Animalia > Chordata > Aves > Galliformes > Odontophoridae > Callipepla > Callipepla californica
 

Callipepla californica (Californian Quail; California Quail)

Synonyms: Lophortyx californica
Language: Spanish

Wikipedia Abstract

The California quail (Callipepla californica), also known as the California valley quail or valley quail, is a small ground-dwelling bird in the New World quail family. These birds have a curving crest or plume, made of six feathers, that droops forward: black in males and brown in females; the flanks are brown with white streaks. Males have a dark brown cap and a black face with a brown back, a grey-blue chest and a light brown belly. Females and immature birds are mainly grey-brown with a light-colored belly.Their closest relative is Gambel's quail which has a more southerly distribution and, a longer crest at 2.5 in (6.4 cm), a brighter head and a scalier appearance. The two species separated about 1–2 million years ago, during the Late Pliocene or Early Pleistocene. It is the state bir
View Wikipedia Record: Callipepla californica

Infraspecies

EDGE Analysis

Uniqueness Scale: Similiar (0) 
6
 Unique (100)
Uniqueness & Vulnerability Scale: Similiar & Secure (0) 
22
 Unique & Vulnerable (100)
ED Score: 5.29473
EDGE Score: 1.83971

Attributes

Adult Weight [1]  138 grams
Birth Weight [1]  6 grams
Breeding Habitat [2]  Chaparral
Wintering Geography [2]  Non-migrartory
Wintering Habitat [2]  Chaparral
Diet [3]  Granivore, Herbivore
Diet - Plants [3]  50 %
Diet - Seeds [3]  50 %
Forages - Ground [3]  100 %
Female Maturity [1]  9 months 4 days
Male Maturity [1]  9 months 4 days
Clutch Size [4]  15
Clutches / Year [1]  1
Global Population (2017 est.) [2]  4,900,000
Incubation [1]  22 days
Maximum Longevity [1]  10 years

Ecoregions

Protected Areas

Ecosystems

Biodiversity Hotspots

Name Location Endemic Species Website
California Floristic Province Mexico, United States No
Madrean Pine-Oak Woodlands Mexico, United States No

Emblem of

California

Prey / Diet

Prey / Diet Overlap

Predators

Providers

Parasite of 
Sturnella neglecta (Western Meadowlark)[5]
Zonotrichia leucophrys (White-crowned Sparrow)[5]

Consumers

Institutions (Zoos, etc.)

Range Map

Distribution

Middle America; North America; Oceania;

External References

Audio

Play / PauseVolume
Provided by eNature via Myxer Author: Lang Elliot

Photos

Citations

Attributes / relations provided by
1de Magalhaes, J. P., and Costa, J. (2009) A database of vertebrate longevity records and their relation to other life-history traits. Journal of Evolutionary Biology 22(8):1770-1774
2Partners in Flight Avian Conservation Assessment Database, version 2017. Accessed on January 2018.
3Hamish Wilman, Jonathan Belmaker, Jennifer Simpson, Carolina de la Rosa, Marcelo M. Rivadeneira, and Walter Jetz. 2014. EltonTraits 1.0: Species-level foraging attributes of the world's birds and mammals. Ecology 95:2027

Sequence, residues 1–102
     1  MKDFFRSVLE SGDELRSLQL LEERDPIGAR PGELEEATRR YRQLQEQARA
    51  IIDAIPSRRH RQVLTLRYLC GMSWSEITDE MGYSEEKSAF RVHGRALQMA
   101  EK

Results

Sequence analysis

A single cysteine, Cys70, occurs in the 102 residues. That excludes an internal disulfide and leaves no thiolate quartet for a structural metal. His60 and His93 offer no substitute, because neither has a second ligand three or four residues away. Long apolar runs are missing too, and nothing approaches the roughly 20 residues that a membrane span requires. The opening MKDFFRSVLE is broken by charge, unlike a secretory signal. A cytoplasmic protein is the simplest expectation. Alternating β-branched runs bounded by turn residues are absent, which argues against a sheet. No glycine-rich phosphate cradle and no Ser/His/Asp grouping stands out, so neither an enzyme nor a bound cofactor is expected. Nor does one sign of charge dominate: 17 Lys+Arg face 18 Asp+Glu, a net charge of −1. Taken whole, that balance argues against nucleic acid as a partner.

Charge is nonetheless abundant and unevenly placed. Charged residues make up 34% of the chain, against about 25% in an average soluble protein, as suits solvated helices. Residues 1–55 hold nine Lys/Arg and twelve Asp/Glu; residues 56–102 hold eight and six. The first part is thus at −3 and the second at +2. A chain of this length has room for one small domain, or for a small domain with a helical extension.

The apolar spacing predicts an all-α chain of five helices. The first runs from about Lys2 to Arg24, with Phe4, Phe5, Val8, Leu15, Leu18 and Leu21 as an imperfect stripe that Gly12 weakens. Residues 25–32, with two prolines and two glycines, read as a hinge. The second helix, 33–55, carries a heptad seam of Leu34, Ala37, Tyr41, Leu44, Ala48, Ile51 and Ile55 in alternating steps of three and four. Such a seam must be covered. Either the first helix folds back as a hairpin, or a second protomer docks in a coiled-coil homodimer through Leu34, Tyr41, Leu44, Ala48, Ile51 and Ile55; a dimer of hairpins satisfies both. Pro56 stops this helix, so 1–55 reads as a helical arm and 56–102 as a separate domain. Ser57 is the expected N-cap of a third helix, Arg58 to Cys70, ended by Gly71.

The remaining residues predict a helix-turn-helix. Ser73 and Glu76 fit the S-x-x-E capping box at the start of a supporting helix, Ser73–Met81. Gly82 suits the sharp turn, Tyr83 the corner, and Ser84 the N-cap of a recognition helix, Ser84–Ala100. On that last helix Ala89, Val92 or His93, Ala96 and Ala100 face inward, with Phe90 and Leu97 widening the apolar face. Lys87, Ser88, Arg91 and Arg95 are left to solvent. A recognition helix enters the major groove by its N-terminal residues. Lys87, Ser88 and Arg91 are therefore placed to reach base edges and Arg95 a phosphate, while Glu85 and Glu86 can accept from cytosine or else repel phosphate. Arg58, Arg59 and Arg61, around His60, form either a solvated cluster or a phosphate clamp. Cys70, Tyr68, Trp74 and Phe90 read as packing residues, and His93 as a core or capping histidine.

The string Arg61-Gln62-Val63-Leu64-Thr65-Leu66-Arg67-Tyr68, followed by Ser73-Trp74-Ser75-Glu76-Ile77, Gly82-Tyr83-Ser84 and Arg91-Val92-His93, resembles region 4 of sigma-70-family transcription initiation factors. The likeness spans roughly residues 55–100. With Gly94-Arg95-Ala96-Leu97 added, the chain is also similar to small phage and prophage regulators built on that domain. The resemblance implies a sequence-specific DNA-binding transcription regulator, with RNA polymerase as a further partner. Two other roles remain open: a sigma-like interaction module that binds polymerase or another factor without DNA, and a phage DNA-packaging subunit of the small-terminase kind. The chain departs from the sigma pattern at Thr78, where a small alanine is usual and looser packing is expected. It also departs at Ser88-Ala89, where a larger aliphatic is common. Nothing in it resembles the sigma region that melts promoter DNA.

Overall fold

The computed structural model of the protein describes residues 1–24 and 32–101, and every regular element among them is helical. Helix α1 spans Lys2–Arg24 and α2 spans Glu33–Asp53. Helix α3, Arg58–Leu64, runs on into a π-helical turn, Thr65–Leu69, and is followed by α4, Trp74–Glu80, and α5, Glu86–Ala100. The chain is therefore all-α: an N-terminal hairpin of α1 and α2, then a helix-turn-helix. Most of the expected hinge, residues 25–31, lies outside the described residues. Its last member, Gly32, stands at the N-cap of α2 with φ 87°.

4Jetz W, Sekercioglu CH, Böhning-Gaese K (2008) The Worldwide Variation in Avian Clutch Size across Species and Space PLoS Biol 6(12): e303. doi:10.1371/journal.pbio.0060303
5Jorrit H. Poelen, James D. Simons and Chris J. Mungall. (2014). Global Biotic Interactions: An open infrastructure to share and analyze species-interaction datasets. Ecological Informatics.
6Patterns of frugivory, seed dispersal and predation of blue fan palms (Brahea armata) in oases of northern Baja California, E.V. Wehncke, X.L. Medellín, E. Ezcurra, Journal of Arid Environments 73 (2009) 773–783
7Trejo, A., M. Kun, M. Sahores, and S. Seijas. 2005. Diet overlap and prey size of two owls in the forest-steppe ecotone of southern Argentina Ornitol. Neotrop 16:539–546
8Breeding Biology of a Grey Eagle-Buzzard Population in Patagonia, Fernando Hiraldo, José A. Donázar, Olga Ceballos, Alejandro Travaini, Javier Bustamante and Martín Funes, The Wilson Bulletin, Vol. 107, No. 4 (Dec 1995), pp. 675-685
9del Hoyo, J., Elliott, A., Sargatal, J., Christie, D.A. & de Juana, E. (eds.). Handbook of the Birds of the World Alive. Lynx Edicions, Barcelona.
10Feeding ecology of North American gopher snakes (Pituophis catenifer, Colubridae), JAVIER A. RODRÍGUEZ-ROBLES, Biological Journal of the Linnean Society, 2002, 77, 165–183
11Gibson, D. I., Bray, R. A., & Harris, E. A. (Compilers) (2005). Host-Parasite Database of the Natural History Museum, London
12International Flea Database
Ecoregions provided by World Wide Fund For Nature (WWF). WildFinder: Online database of species distributions, ver. 01.06 WWF WildFINDER
Biodiversity Hotspots provided by Critical Ecosystem Partnership Fund
Abstract provided by DBpedia licensed under a Creative Commons License
Audio software provided by SoundManager 2